Soon after becoming a commissioner, Chilton started to champion strong pro-market regulation views, as illustrated by his first official remarks. Specifically, the public servant drew attention to the phenomenon of “massive passives,” arguing that the influx of pension and institutional investments provoked the volatility in commodity prices. As he explained to the WSJ, a “massive passive” could represent as much as 20% of one market — a percentage that “gets to be where you might not be able to control prices, but you have the possibility of moving them.”

Bloomberg describes Chilton as “a U.S. regulator who pushed for tighter regulation of swaps and derivatives.” According to The Washington Post, he was “perhaps best known for his mane of silver white hair and unconventional speeches, loaded with pop culture references and catchy phrases.” For instance, he famously nicknamed high-frequency traders “cheetahs” who race “in and out” of the market.

In November 2013, Chilton announced he was leaving the CFTC “in the not too distant future,” without specifying the reason. Soon, he began working for a high-frequency trading association, as a senior policy advisor at DLA Piper law firm.

“People are going to say, ‘wait a minute, you used to beat the [stuff] out of those guys,’ and I did, but I never said they should go away,” Chilton told CNBC of the move.

Chilton and crypto: From calling bitcoin a “shadow currency” to holding and ICO endorsements

Although Chilton has said that he’s been calling for cryptocurrency regulation since 2012, he never addressed the topic during his congressional speeches while working for the CFTC, as per the agency’s database. In fact, it seems that Chilton first publicly discussed bitcoin in May 2013 on CNBC, when he declared he was not “100% saying we should regulate it, but if anybody is going to, it seems like something we should consider.”

“It [bitcoin] is being potentially used for, you know, guns and money, and nobody is looking after it. It really is a shadow currency.”

Further on in the interview, Chilton argued that cryptocurrency holders “were losing actual money on this [bitcoin],” to support his viewpoint. “If people have the possibility of not being backed up, if things aren’t cleared, if there is no margin requirement, you don’t want this to be just a house of cards that can impact it.”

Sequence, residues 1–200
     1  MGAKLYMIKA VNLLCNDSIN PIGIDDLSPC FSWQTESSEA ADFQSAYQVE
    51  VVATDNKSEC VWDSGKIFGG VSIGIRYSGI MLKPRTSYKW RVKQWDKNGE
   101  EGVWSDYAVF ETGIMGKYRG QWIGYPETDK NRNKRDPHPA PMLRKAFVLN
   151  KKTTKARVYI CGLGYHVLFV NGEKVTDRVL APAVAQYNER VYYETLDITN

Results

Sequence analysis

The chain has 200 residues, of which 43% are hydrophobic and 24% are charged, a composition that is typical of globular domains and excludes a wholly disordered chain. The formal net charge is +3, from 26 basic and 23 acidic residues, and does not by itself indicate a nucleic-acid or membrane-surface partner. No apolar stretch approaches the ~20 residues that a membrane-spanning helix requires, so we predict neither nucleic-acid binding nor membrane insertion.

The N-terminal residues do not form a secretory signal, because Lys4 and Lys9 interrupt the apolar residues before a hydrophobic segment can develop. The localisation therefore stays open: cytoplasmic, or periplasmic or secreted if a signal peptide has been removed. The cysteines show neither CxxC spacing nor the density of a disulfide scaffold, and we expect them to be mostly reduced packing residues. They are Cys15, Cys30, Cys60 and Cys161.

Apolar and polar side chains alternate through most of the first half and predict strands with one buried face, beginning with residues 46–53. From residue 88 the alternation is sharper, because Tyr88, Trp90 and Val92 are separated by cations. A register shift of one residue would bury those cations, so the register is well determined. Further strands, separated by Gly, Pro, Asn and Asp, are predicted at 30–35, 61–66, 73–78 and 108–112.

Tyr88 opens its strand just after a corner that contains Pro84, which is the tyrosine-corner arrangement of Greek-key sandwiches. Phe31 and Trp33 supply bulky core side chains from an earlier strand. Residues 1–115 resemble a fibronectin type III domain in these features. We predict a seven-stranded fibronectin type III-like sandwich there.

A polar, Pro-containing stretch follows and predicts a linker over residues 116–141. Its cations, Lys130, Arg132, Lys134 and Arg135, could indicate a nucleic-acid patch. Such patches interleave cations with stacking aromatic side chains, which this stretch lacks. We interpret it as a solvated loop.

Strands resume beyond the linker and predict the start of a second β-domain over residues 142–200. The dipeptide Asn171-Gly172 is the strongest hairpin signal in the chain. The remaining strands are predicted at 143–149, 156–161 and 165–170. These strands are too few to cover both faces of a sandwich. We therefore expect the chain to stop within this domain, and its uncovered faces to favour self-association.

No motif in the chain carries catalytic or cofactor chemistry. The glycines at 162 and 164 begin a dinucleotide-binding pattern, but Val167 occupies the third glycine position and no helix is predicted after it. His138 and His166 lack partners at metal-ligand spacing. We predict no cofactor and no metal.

He then implied that the CFTC might oversee the cryptocurrency sector in the future, given that people seem to hold virtual currencies for future profits. That, in turn, appears to fit the description of a commodity and hence fall within the regulator’s purview, Chilton argued.

“If you guys want to be a shill for the financial industry, and support a shadow currency that people purchase drugs and money with, have a party, man. My job as a regulator, I’m going to look after it.”

In 2016, however, Chilton (no longer a CFTC commissioner) wrote a commentary for CNBC in which he called the bitcoin and blockchain industry “disruptive,” and argued that President Obama should ensure that its growth is not damaged by overly tight regulations, comparing it to the early IT-industry:

“When the internet was being developed, an effort and initiative by the Clinton administration to ensure that the fledgling idea would not be overly regulated was put in place — the 1997 Framework for Global Electronic Commerce. The point: to ensure laws and regulation would not negatively impact innovation. Current CFTC Commissioner Chris Giancarlo recently (and rightly) called for such protection for digital currency. President Obama should heed the call.”

In September 2017, Chilton highlighted bitcoin’s volatility as a major issue, saying that he would have started a probe into potential market manipulation if he still worked at the CFTC at the time. Specifically, he argued that the “blind spot” occurred because virtual currencies cannot be treated like other stocks due to their complicated, digital nature and that there were no Anti-Money Laundering (AML) and Know Your Customer (KYC) requirements established within the industry.

In November 2017, the former CFTC commissioner declared that bitcoin wasn’t “a scam of a fraud”:

“I don’t think it’s, you know, a fraud, like [JPMorgan Chase CEO] Jamie Dimon said, or a pyramid scheme like [Russian] President Putin says. I mean, people are actually using bitcoins to purchase things. So, that’s not a scam or a fraud.”